A different kind of birthday party
My daughter turned 8 on Dec. 12. Several weeks before her birthday, I started to think about what to do for her birthday.
It's not that I am a good party planner and like to plan events in advance. I am not even a party person. Quite the opposite, I was just not sure what to do. The whole kids' birthday party thing was giving me some kind of blues.
If you ask my daughter what she wants to do for her birthday, she would say to have a birthday party at this or that place like her friends did.
Over the years, my kids have been invited to many birthday parties. They have been to the indoor playground, to the fabric store, to the candy store, to the color me store, to the sport store, to the bowling place, etc. to celebrate birthdays. My kids certainly want to do things just like other kids do.
Unfortunately, they have a mother who doesn't always like to do things just because everyone else does so. Because I personally don't like commercial birthday parties, or you may say, because I am too stingy, I will not pay someone or some place to do a birthday party for my kids.
I don't want to throw a lavish birthday party for them and flood them with more toys than they need. I don't want to have a birthday party where kids are dropped off and I don't even know who their parents are. My kids don't need to do a craft or decorate a cake at some stores. They can do it at home.
I know some people would not agree with me and say, it's the child's birthday. You should let her make the decision as what to do and where/how to do it. Just let her have fun for her birthday even if it means to spend more money. What's more important, your kids having fun and being happy or your money?
That's not the whole point. As a parent, I have my belief and value systems. I don't want to do things that are against my belief and value systems. I am only willing to do things that feel good to me, too. I am sure my lack of enthusiasm for birthday parties has something to do with my own childhood.
During my growing up years in China in the 1960s and '70s, birthday celebration was never a big issue. Like most kids at that time, I didn't have any birthday cakes or presents.
The best thing my parents could do for anyone in the family who had a birthday was to make a bow of noodles with an egg or meat. Sometimes we might not even remember a birthday. We had more things to think and worry about than someone's birthday date.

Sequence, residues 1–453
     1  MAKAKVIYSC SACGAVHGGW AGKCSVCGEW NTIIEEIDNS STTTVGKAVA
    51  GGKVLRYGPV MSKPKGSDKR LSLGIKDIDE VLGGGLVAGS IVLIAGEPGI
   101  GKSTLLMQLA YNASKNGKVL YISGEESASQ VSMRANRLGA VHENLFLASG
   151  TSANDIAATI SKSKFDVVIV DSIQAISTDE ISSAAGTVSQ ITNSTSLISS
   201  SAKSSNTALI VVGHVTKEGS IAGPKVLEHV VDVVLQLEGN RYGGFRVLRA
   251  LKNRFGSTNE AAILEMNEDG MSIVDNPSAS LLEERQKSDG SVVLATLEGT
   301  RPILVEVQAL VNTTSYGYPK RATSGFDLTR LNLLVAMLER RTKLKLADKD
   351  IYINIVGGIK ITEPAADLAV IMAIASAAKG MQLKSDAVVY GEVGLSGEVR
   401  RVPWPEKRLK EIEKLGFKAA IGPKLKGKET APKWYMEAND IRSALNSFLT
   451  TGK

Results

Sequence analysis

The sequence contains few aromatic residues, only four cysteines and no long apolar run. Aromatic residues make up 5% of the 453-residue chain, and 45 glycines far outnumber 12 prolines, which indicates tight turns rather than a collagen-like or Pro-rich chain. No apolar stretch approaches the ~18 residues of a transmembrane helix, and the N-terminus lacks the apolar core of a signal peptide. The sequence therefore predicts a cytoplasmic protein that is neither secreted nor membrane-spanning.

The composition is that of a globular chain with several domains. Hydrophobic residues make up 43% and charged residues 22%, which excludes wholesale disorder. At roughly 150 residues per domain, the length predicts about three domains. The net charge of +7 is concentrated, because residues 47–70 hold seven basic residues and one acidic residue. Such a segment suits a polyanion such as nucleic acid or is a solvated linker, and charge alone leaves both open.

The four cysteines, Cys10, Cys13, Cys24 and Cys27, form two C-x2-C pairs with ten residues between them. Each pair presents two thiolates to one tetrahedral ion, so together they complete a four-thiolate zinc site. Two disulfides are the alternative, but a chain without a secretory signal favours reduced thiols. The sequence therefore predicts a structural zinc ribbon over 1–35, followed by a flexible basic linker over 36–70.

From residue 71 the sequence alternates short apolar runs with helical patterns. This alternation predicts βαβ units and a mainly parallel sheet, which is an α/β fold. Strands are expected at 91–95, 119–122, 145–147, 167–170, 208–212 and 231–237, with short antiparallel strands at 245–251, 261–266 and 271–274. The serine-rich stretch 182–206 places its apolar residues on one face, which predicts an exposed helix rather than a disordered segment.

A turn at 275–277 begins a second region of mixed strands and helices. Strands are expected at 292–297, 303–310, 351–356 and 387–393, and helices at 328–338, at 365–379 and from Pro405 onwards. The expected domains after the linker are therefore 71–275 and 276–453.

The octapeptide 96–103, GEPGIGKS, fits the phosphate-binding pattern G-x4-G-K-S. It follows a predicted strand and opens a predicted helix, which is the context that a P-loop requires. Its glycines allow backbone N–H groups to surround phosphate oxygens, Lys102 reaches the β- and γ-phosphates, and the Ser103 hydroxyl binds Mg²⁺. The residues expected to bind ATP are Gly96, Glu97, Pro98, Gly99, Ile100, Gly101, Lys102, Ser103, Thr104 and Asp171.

That's why I don't put much attention into a birthday celebration. Yes, I can afford a commercial birthday party for my kids, but that's not a good reason for me to do so.
In the past, we had invited some Chinese friends and their kids to our house for a party. It's a birthday party for kids, but also for parents to get together. This year I didn't something different for my daughter's birthday.
One thing stays unchanged. In the morning on her birthday date, as usual, she received a handmade birthday card which I created from scratch the night before and a little present.
But later in the afternoon after she came back from school, I took her to the new grocery store in town she had never been to and wanted to go and let her buy some healthy snacks. Afterwards we went to a restaurant we had never been to and got a carryout to eat at home.
I intended to have a surprise birthday party for my daughter on the weekend and invited two of her school friends and their parents to our house for dinner without her knowledge. But at age 8, she is not so easy to fool any more. She ended up figuring out what's going on and it wasn't so much a surprise in the end.
Both invited friends came to the party. One friend's parent and siblings came too. This family just moved to the U.S. from a French-speaking country in Africa in the summer.
They were starting a new life in Minnesota, having to adjust to the cold weather and a different language. I only briefly met this family once before and knew little about their background. So I thought it would be a good idea to invite this family over for some home cooked food and friendship.
We shared our meal together. The mother really enjoyed the Chinese food I prepared. We talked about kids and families while the kids having fun playing together.
Even though I had to spend more time and effort in preparing for this birthday party by cleaning my house and cooking dinner for the guests, I think it's more meaningful for me and hopefully for my daughter too.
What I want to teach her is birthday parties are not just about having fun and getting lots of presents. It's about people and relationships.
The day after my daughter's birthday, I saw a feature article in a newspaper titled "The giving party." It's about having a party with a purpose. It describes a Woodbury mother throwing a birthday party for her daughter at a fun place and donating the gifts to a charity.
I certainly like this party better than most other commercial birthday parties where kids just have fun. At least it also had a meaningful purpose. But for now, home made is still the best choice for me.